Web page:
Book Image

Democratizing RPA with Power Automate Desktop

By : Peter Krause
Book Image

Democratizing RPA with Power Automate Desktop

By: Peter Krause

Overview of this book

Whether you want to organize simple files or perform more complex consolidations between different Office programs and remote-control applications that don't allow outside access, Power Automate Desktop helps meet these challenges. This book shows you how to leverage this workflow automation platform by explaining the underlying RPA concepts in a step-by-step way. You’ll start with simple flows that can be easily recorded and further processed using the built-in recorder. Later, you’ll learn how to use the more advanced actions to automate folder and file management and enable Office programs to interact with each other. You’ll also get to grips with integrating desktop flows into other cloud environments and further enhance their value using AI. As you progress, you’ll understand how flows can run unattended and how they are managed in the Power Platform, as well as key concepts such as creating, modifying, debugging, and error-handling UI flows. Finally, the book will guide you to use Process Automation Designer (PAD) in conjunction with your frequently used desktop systems to automate routine tasks. By the end of this book, you’ll have become a Power Automate Desktop expert, automating both professional and personal tasks.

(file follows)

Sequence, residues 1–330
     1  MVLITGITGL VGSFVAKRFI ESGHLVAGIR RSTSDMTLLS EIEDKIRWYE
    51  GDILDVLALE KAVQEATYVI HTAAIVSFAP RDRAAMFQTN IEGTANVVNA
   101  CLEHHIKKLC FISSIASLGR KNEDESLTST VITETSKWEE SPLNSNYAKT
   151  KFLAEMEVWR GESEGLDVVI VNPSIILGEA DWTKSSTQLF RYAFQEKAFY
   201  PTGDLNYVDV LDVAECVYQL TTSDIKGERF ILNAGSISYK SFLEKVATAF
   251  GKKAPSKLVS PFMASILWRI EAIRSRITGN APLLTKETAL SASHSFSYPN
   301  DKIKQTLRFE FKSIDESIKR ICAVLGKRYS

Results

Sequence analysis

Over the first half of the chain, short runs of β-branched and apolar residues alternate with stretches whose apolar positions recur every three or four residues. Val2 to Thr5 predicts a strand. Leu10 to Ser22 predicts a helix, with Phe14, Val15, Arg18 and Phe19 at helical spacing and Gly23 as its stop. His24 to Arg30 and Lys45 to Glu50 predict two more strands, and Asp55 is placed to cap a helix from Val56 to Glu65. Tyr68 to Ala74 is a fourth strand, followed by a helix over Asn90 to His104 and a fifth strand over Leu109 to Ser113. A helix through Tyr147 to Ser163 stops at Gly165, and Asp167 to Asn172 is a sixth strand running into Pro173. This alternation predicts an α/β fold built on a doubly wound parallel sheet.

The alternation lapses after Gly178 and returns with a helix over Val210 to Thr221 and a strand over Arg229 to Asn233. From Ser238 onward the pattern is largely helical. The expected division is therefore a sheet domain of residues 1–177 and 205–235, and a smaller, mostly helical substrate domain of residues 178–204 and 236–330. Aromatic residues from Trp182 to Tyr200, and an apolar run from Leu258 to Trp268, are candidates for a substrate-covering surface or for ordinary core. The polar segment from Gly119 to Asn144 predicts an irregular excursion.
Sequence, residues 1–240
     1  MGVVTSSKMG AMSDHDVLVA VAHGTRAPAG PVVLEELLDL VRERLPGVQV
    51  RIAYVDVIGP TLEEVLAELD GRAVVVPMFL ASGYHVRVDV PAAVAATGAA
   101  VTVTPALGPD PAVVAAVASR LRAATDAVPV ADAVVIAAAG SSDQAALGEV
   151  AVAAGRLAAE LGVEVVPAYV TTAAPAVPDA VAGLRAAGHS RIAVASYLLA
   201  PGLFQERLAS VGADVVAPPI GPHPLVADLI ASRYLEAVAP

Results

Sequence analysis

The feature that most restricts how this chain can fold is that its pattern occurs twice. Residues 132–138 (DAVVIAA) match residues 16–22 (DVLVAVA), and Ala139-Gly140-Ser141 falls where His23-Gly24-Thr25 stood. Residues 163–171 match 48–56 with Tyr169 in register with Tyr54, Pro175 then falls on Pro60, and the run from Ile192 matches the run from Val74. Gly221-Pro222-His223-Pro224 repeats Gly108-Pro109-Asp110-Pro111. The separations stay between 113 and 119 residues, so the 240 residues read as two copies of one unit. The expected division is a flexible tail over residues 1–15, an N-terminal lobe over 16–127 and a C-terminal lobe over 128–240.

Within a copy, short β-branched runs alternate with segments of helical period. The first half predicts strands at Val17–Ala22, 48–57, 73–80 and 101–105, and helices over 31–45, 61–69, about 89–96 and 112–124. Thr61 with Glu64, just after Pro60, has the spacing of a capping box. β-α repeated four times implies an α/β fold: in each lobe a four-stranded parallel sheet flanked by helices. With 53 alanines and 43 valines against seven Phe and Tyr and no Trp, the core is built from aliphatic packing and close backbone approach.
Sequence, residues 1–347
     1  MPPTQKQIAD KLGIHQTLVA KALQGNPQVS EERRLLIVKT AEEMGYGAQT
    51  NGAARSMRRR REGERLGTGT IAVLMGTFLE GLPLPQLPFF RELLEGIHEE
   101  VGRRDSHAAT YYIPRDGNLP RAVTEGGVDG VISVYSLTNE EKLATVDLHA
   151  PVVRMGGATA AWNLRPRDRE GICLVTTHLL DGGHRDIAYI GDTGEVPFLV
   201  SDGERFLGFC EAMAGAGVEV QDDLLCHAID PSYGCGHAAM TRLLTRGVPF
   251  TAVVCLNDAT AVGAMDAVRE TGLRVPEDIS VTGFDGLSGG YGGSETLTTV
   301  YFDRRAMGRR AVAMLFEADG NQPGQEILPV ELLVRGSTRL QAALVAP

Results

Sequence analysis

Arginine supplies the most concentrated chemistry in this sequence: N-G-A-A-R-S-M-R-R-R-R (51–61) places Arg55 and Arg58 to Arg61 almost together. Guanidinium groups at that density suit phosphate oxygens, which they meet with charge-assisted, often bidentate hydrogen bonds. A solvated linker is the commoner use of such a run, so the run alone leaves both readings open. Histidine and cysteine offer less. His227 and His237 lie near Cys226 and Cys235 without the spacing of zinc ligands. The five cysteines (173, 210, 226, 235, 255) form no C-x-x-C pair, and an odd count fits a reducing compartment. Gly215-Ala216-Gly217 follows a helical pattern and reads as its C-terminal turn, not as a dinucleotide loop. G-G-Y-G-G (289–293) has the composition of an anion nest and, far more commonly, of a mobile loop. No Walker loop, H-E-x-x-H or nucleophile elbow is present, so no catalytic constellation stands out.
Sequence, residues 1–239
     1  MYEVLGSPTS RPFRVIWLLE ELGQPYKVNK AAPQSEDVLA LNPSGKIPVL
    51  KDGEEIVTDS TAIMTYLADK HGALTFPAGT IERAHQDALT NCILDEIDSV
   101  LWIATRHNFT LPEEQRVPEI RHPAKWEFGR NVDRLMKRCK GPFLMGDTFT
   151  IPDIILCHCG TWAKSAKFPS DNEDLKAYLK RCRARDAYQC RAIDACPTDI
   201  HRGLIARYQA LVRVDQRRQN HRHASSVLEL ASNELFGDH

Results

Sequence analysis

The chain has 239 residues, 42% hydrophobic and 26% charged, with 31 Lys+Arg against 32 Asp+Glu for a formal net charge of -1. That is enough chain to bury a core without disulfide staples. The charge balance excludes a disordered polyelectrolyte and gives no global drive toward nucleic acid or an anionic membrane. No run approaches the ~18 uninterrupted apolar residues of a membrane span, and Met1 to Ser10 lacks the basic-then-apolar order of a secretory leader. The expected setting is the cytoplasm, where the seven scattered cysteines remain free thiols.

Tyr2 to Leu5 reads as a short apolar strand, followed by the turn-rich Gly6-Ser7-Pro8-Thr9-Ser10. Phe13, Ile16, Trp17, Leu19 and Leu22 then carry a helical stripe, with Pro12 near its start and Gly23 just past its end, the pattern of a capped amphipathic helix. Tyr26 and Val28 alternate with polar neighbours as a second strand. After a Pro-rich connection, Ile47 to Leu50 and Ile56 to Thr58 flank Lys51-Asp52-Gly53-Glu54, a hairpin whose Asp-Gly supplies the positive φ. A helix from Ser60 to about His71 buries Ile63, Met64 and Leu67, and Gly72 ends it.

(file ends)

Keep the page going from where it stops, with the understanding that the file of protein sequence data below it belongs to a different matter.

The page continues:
Table of Contents (15 chapters)

Working with subflows

Within each flow, we can also create subflows. This is a concept to structure a larger UI flow into different pieces, which in turn can then be called and referenced in the main flow:

Figure 3.8 – Deconstructing a flow

Figure 3.8 – Deconstructing a flow

The main flow containing the overall logic of a task then becomes much more readable and easier to understand. All variables are available in the main flow and can be changed, no passing parameters must be specified. It is even possible to call different subflow from within a subflow if you want to structure the work even further. The following figure shows the main flow from our previous example and two subflows:

Figure 3.9 – Main flow and subflows

Figure 3.9 – Main flow and subflows

A subflow is stored within the flow itself and can only be used in the containing flow. If you look at the Actions pane, you can also see that there is a Run flow actions group with a Run desktop flow action in it. This additional...